See, he really isn’t Ebenezer Scrooge after all. He wants Tiny Tim to have a very merry Christmas.
And all those Mariner fans, too.
That’s why he gave the nod for the M’s to shell out $100 million to sign a pair of free agent sluggers last week.
“One hundred and fourteen million,” M’s CEO Howard Lincoln is quick to remind you with a wag of his index finger.
OK, so we rounded it off.
“And I’m just delighted about it,” he adds.
He isn’t the only one.
M’s fans have to be antsy with anticipation about the 2005 season after the hiring of first baseman Richie Sexson and third baseman Adrian Beltre.
With two flourishes of the hand, the M’s get muscle like they haven’t had since Ken Griffey Jr. and Alex Rodriguez were powering balls into the seats in the late 90s.
And the M’s have become contenders in the AL West again.
Just what many of us thought could not happen. Not this quickly.
But, lo and behold, the keepers of the purse strings kept their promises and when good players became available, they signed them.
In a hurry.
Just when you were beginning to wonder if they’d ever make a move – bam! They made two of them in 24 hours.
Bam is what they got for their buck.
Beltre hit 48 home runs last year. Sexson has had two 45-homer seasons in the past four years.
And I said it would take the M’s at least two years to be a serious team again.
Never underestimate the power of the greenback.
Or the allure of this franchise.
Both Sexson and Beltre want to play here.
And why not?
Seattle’s become a good baseball town. It has a beautiful ballpark. The fans still came out in big numbers last summer despite a miserable team. And the M’s brass is willing to spend big money to get back into playoff contention.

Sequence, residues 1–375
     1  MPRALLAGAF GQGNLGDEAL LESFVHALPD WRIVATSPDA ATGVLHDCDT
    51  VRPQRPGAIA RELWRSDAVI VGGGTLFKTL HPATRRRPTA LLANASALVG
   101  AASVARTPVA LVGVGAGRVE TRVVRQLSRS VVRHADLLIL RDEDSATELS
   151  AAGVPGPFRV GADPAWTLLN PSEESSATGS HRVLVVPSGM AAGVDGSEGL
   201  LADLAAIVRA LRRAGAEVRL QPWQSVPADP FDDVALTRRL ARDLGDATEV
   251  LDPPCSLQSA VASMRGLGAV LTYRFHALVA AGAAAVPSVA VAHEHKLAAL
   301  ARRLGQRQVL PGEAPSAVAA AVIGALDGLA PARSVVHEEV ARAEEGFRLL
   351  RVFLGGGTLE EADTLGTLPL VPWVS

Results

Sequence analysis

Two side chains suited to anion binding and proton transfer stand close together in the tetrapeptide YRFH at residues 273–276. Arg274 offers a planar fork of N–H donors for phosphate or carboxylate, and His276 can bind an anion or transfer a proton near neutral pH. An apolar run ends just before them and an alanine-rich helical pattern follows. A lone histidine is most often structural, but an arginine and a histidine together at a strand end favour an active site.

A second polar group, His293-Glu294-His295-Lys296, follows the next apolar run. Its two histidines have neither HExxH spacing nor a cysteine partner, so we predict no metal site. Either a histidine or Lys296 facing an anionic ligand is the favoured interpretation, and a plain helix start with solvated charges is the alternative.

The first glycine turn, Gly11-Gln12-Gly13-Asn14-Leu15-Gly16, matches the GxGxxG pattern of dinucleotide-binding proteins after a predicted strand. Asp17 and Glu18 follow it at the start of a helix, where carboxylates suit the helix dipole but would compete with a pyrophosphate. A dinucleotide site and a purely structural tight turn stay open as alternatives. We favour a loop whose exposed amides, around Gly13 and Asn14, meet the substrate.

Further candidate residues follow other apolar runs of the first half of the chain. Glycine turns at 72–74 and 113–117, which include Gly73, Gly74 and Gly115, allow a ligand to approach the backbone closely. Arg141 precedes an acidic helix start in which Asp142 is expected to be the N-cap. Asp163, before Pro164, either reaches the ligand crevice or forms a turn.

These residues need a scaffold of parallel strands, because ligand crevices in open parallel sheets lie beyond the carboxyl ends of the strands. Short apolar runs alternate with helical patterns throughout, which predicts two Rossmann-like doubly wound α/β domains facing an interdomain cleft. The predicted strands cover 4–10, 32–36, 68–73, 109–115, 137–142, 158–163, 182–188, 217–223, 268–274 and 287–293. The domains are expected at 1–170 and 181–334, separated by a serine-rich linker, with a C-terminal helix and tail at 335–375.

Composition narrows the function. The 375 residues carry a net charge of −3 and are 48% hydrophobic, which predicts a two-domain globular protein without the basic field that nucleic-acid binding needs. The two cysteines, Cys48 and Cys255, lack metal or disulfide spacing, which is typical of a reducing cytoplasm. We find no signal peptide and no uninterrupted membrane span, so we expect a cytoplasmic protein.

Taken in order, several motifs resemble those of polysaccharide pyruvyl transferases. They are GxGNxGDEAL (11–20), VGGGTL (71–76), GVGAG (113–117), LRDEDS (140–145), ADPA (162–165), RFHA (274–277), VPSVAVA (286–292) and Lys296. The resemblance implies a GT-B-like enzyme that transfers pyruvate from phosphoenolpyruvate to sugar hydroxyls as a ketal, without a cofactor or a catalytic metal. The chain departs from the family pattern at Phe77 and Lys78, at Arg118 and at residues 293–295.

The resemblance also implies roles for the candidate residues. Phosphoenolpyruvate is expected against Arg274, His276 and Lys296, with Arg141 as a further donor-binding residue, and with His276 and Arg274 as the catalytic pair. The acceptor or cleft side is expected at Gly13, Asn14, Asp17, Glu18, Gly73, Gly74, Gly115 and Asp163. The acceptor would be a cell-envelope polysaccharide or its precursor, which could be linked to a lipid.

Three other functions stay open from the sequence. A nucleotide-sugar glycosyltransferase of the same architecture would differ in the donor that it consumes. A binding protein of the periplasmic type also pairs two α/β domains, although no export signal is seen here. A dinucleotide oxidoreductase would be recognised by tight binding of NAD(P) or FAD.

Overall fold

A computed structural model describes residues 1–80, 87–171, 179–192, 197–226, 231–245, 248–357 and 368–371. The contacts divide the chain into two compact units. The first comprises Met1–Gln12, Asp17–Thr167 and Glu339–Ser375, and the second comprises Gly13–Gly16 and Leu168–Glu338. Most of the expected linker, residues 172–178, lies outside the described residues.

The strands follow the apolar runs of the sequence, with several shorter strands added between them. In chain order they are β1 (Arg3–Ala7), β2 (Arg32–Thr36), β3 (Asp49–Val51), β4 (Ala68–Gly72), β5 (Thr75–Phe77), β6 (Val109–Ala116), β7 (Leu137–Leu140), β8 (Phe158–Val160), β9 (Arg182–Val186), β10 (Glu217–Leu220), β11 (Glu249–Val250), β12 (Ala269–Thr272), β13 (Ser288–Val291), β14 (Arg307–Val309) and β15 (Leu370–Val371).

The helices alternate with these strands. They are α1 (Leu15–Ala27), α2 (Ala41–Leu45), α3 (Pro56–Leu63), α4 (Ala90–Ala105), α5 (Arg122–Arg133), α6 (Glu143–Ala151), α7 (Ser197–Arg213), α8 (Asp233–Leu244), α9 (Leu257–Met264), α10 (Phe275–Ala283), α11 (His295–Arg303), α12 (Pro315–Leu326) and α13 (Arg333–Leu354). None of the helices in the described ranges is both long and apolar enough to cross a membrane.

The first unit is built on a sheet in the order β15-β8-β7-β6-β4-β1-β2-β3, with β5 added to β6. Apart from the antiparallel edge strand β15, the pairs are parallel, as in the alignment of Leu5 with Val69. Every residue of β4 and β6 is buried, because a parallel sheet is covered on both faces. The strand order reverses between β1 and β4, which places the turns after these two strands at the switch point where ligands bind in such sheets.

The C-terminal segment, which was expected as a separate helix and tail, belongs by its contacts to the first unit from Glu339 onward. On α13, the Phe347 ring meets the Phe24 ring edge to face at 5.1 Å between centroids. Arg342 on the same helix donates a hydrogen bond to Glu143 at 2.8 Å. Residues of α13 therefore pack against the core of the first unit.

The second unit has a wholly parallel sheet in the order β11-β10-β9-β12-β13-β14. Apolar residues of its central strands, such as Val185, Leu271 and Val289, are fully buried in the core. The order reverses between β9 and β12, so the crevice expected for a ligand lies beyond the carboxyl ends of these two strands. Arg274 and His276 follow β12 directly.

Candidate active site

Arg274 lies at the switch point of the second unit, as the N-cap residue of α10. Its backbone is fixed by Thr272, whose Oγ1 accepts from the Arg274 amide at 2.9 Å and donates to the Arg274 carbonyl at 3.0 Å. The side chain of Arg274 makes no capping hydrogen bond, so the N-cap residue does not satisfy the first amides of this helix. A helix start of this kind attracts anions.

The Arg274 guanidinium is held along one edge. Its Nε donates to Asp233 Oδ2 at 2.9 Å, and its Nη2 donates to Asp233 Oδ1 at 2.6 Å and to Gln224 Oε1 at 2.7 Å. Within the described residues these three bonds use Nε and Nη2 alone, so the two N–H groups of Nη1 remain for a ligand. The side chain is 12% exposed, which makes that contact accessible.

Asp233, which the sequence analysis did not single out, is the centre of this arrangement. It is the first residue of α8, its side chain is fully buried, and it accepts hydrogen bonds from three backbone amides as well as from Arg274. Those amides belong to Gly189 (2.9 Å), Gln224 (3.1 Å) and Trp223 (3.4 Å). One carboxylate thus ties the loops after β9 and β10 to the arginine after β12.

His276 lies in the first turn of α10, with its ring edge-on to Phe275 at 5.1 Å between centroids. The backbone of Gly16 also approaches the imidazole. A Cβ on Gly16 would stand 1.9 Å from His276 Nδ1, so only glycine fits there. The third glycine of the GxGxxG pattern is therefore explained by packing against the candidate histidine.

What’s stunning to me is that Beltre left one of the most storied franchises in baseball, the Dodgers. He left guaranteed warm weather to come to a town where it can still be downright cold in April and May. He left a team that won its division for one that finished last. He left an organization that he had been raised in since signing with the Dodgers when he was 15 years old.
Unlike Tommy Lasorda, he apparently didn’t bleed Dodger blue.
“The clear message we were getting from (agent) Scott Boras was that Beltre really wanted to play here,” Lincoln said. “Once that became apparent, we moved pretty quickly. When you get somebody with this kid’s record, you want to snap him up when you find out that he’d like to play here.”
About that record. Beltre hit more home runs last season than in any two of his best seasons combined. So how do you know he can do it again? You don’t. But you’ve got to take a chance. You’ve got to say, “He’s young (25). Maybe last year is a sign of what’s to come.”
Even if he falls off to 30 homers, that’s still more than anyone on the M’s hit last season.
Sexson is another “take a chance” player. You take a chance that his shoulder, which he injured twice last season and limited him to 23 games, won’t go bad a month into the new year.
Every time a team signs a player, it’s a risk.
It’s part of the game. A high-stakes game. A gambler’s game, when you get right down to it.
You place your bets and take your chances.
“I indicated … that we were going to turn things around as quickly as possible and that we would give (general manager Bill) Bavasi the financial flexibility he needed to sign free agents,” Lincoln said, “but in the end, actions speak louder than words.
“We just spoke.”
Before all is said and done, the M’s may have to do some more speaking, but for now they’re back in the good graces of their fans, the 99 losses not forgotten but certainly not uppermost in people’s minds.
Now there is something to look forward to. Spring training will be here before you know it. “I can hardly wait,” Lincoln said. “I can hardly wait for the season to start, to see what this team does this year.”
To see what $100 million can do.
Er, forgive me, $114 million.